Click here for the full text on PASC's website. I'm thrilled to be working with PASC! In the piece, I highlighted the Broede family's exquisite collection of Brewton works. In the 1960s, Bruce Broede managed the University of Pennsylvania book store, and Jim worked for him. Bruce and his wife, Carol, became close friends of Jim's.
After Jim's death, Bruce and Carol moved to California and had a son, Jason, giving him the middle name of "Brewton" in memory of their friend. Subsequently, they divorced and Carol remarried. Bruce talked with me several times in 2009, shortly before his death. His memories, and Carol's, offer glimpses of Jim's creative process and motivations.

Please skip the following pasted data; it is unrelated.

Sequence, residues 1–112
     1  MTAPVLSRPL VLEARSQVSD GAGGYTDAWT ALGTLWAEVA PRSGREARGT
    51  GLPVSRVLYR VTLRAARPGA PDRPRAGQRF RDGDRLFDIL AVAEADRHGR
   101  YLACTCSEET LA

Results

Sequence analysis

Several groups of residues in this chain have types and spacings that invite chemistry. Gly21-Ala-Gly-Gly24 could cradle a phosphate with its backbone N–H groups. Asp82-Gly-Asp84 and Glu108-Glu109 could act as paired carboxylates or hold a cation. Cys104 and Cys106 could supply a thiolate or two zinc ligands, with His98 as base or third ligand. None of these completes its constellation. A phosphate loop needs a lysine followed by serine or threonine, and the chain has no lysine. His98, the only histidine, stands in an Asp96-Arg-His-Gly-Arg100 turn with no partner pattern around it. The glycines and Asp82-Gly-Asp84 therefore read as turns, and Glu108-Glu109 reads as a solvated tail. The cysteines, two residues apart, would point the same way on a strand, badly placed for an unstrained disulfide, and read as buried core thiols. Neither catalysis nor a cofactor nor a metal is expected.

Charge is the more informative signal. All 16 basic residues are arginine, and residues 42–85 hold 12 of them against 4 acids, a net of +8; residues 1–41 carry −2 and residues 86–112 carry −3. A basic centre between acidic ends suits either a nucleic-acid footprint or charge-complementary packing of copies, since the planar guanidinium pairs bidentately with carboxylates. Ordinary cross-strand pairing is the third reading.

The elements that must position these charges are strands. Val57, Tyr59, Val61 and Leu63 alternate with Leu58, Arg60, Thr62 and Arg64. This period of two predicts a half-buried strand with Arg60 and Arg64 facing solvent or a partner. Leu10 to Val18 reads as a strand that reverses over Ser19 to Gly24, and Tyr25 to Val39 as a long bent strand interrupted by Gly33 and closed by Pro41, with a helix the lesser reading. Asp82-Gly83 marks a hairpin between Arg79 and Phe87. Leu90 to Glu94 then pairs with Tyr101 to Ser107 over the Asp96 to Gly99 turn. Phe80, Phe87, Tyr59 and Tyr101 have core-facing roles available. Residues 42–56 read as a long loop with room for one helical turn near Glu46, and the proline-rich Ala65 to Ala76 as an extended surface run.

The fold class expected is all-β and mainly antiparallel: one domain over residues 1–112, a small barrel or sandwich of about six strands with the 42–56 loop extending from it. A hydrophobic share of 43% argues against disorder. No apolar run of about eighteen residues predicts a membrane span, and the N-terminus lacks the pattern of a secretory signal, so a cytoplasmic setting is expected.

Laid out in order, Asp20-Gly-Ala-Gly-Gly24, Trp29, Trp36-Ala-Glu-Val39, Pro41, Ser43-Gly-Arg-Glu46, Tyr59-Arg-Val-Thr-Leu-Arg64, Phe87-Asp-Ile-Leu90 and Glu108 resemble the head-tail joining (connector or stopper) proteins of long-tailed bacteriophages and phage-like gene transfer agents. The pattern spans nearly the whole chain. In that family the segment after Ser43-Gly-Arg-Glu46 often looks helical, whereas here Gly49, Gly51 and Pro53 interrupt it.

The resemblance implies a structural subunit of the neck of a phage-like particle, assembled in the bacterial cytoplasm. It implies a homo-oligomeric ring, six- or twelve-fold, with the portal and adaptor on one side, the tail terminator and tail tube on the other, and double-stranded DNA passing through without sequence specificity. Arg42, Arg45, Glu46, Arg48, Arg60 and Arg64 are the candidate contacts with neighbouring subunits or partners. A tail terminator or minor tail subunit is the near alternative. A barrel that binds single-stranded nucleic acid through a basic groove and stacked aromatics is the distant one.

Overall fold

An endearing, more personal vignette was not included in the essay for PASC.
Here it is:
"One of my favorite memories involved a hotel across from Rittenhouse Square," Carol told me. (The Warwick, according to Bruce. “Jim’s way was, you go directly and get as much roast beef as you can.”)
Carol said, "They had a marvelous Sunday night buffet, and we wanted to take Jim. You couldn’t get in without a jacket and tie. So he went to the Salvation Army and bought a mustard-colored, fuzzy suit and we all trooped in. Jim’s [dining] philosophy was to eat the most important thing first—the roast beef—and then work back to the salad. Jim collected the petits fours and smuggled about a dozen out in his pockets.”
My mother once said that Jim bought his clothes at a thrift store on South Street called “Big-Hearted Jim’s,” and that he sometimes signed his letters “Big-Hearted Jim.”
Privileged to travel a lot with a trusty camera
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